Whenever I see these advertisements of chocolates or cookies with a caramel oozing out from the inside, my heart just skips a beat. Vanilla ice cream with a drizzle of that beautiful buttery caramel is like none other. For a long time, it was only caramel but in the 2000s, the focus shifted to salted caramel. French Chef Pierre Hermé invented the salted caramel macaron in the 1990s and slowly, it gained it’s popularity. Once the Americans got their understanding of the taste, it wasn’t long till salted caramel became a household name with Starbucks and other retail giants offering desserts with salted caramel. Read more here. (Link)
My disasters with salted caramel
It’s not that I was a pro at salted caramel from the word ‘go’. I’m talking about a time when we didn’t have too many youtube videos guiding us and we had to rely on cook book or tv shows, where you quickly jot down the recipes. Yes, I am one of those who has diares of recipes from various food shows on TV from the 1990s. Till tatasky came with a recording option, I had to quickly write down recipes while watching the show. The first couple of times of makng salted caramel was an absolute disaster. I would always go wrong in making the perfect wet caramel. Many cups of sugar has been wasted over the years in perfecting the recipe, without much guidance. I have burnt my fingers too in. Stirred with a metal spoon while making the caramel and spoiling it. Over caramelised and burnt. So many mishaps have taken place. You are not alone out there.
Tips to make the perfect Salted Caramel
I know of many experts who can make a dry caramel. I rely heavily on a wet caramel. What is a wet caramel? When you melt the sugar with water, it is called a wet caramel. Some people simply melt sugar and caramelise. The most important part is to use a heavy bottomed saucepan or frying pan with little higher sidesand of a lighter colour, so that you can undeerstand the colour of the caramel by looking at it. Also, the base of the pan should be large enough, so that you can spread the sugar evenly. Too small a base means over crowding of the sugar and it takes longer to caramelise. Covering and making the caramel is another trick, which helps in even caramelisation.
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When you cover the lid and let the sugar melt, while gently swirling the pan, the little water droplets from the vapour goes back into the pan. This way, there isn’t any chance of the sugar over burning. Many recipes with instruct you to use a ruber spatula or wooden spoon to stir or using a wet brush to clean the sides. I would say, don’t do any of it. Just swirl the pan once in a while. That should do. Once the sugar has melted and has started bubbling, you cannot take our eyes off the pan. The minute it starts to change colour, keep a watch and swirl when needed. The colour should change to a deep amber and then switch off the flame and add the cream. You can use fresh cream or heavy cream. Adding butter gives a better smooth texture. A little butter is always better.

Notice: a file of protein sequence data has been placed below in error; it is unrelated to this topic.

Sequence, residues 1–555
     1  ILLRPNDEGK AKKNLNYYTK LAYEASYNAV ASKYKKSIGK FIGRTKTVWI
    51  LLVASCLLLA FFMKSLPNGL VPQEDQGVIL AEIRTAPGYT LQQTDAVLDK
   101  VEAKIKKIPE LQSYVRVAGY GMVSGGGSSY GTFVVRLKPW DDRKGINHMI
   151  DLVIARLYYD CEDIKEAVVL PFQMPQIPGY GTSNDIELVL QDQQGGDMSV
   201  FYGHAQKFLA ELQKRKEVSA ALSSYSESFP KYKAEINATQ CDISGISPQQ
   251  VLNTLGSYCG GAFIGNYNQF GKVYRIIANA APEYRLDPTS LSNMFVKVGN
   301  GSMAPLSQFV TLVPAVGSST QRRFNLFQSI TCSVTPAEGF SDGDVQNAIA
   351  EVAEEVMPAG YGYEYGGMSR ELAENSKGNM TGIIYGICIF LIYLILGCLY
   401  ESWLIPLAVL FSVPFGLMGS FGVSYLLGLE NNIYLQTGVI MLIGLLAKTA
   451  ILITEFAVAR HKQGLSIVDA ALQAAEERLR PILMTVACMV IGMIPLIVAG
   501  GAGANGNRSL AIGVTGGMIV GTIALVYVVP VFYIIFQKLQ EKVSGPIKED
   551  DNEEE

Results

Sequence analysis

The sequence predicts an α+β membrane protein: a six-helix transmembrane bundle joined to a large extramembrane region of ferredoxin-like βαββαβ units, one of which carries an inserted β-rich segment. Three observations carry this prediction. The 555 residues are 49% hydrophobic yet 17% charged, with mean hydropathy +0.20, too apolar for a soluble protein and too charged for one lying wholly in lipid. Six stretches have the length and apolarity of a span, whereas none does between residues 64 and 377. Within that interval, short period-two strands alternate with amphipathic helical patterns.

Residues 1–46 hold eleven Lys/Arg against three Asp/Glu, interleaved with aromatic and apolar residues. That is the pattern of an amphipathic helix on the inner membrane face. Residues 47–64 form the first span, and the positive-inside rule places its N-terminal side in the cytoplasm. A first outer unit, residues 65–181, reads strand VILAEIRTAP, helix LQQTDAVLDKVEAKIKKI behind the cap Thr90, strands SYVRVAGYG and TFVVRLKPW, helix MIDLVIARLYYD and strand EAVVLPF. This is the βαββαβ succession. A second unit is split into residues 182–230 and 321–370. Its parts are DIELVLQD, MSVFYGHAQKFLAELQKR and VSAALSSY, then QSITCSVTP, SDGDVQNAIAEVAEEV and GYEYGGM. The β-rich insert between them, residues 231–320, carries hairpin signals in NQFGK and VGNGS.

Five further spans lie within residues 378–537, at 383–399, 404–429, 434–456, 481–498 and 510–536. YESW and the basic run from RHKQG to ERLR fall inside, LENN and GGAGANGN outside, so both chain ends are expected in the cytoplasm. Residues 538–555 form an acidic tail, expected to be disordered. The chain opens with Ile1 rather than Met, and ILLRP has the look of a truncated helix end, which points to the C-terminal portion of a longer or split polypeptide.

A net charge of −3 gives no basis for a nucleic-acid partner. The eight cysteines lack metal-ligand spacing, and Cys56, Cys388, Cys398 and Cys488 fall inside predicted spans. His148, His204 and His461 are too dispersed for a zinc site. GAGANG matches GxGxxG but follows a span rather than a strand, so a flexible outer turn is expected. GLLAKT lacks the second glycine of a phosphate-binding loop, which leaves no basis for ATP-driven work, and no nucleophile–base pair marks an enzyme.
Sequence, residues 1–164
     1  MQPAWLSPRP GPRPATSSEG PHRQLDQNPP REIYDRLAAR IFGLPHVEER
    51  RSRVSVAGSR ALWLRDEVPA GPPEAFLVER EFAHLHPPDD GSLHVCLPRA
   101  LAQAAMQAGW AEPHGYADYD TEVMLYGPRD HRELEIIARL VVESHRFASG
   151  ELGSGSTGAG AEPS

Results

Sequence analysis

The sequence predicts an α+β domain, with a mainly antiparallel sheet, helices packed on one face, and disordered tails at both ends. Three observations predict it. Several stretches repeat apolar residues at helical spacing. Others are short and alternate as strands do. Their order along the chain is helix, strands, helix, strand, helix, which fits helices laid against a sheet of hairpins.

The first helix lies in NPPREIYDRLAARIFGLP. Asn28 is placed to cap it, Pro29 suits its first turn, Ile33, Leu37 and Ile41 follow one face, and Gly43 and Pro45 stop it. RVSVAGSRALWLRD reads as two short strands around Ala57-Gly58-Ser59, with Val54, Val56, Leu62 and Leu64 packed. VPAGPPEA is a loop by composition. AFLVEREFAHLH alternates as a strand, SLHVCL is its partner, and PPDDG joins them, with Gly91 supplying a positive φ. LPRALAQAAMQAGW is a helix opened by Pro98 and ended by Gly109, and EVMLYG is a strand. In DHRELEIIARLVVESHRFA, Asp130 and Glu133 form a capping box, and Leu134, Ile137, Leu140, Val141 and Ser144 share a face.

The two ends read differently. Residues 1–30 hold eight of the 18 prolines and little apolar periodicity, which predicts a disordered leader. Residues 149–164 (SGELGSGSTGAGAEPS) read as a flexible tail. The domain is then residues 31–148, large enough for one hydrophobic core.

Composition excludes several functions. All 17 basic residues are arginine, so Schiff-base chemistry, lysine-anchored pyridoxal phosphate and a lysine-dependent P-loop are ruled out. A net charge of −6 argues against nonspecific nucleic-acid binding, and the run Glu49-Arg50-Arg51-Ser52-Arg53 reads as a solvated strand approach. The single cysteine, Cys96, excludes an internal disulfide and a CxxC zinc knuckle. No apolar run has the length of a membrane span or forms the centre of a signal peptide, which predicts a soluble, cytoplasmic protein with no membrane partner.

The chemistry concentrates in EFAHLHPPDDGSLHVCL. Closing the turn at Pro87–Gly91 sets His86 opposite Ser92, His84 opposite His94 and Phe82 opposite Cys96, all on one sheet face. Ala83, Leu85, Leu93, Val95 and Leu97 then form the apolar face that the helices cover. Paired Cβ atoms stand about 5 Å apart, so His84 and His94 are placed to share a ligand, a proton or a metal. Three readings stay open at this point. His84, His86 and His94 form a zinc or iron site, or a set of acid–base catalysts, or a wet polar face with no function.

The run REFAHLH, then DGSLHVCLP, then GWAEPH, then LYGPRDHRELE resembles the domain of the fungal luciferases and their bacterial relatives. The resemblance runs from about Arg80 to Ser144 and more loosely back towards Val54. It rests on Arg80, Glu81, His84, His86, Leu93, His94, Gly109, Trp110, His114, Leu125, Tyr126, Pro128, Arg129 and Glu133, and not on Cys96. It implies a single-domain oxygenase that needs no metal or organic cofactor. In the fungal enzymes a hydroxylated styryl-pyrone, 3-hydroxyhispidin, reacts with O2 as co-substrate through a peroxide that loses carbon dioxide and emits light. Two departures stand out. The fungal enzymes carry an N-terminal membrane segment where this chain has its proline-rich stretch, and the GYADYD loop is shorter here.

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Serving suggestions and storing
Salted caramel sauce thickens as it cools down. So, pour it in air tight jars while it is warm. You can keep it in the refrigerator and before serving, just warm it in the microwave for few seconds. You can also warm in a double boiler. Salted caramel sauce can be used to drizzle on ice creams. You can use it for pancakes, brownies or any cakes. You can also make salted caramel squares and use it for making cookies and brownies. Cut up fruits and dip in salted caramel and have them. It’s an easy way to feed fruits to children.
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Do it Youself Salted Caramel
- 1 cup granulated sugar
- 1/3 cup water
- 1 cup cream fresh cream or heavy cream
- 2 tbsp salted butter
- extra sea salt if required
- Take a heavy bottomed sauce pan or frying pan with a lighter colour base. The diameter of the base of the pan should be such that you can spread a thin layer of sugar evenly in the pan.
- Pour the water and turn on the heat. Stir it once to spread the water and sugar. Then keep the gas on medium flame and cover the pan.
- Let the sugar melt. Uncover and check if the suagr has melted and then swirl the pan once. Cover it again and let it cook.
- The sugar will start to bubble and let all the water droplets fall back into the pan. Once the sugar has started to bubble too much and thicken, remove the cover and gently swirl the pan again.
- You can now see the sugar slowly changing colour. Let it change colour to a deep amber, where you can get a slight bitter smell. At that point turn off the gas. Add cream to it but carefully. It starts to bubble and rise. Instantly stir with a rubber spatula or a whisk and incororate the cream with the sugar.
- Then add 2 tbsps of butter and whisk it in. Let the butter melt in the caramel sauce. If you are using salted butter, you don't need to add salt. However, that's on your taste and can add some sea salt if you like. Then pour in a jar and keep it outside to cool down.
- Once cooled, store in the refrigerator and follow instructions of serving as mentiioned in the post above.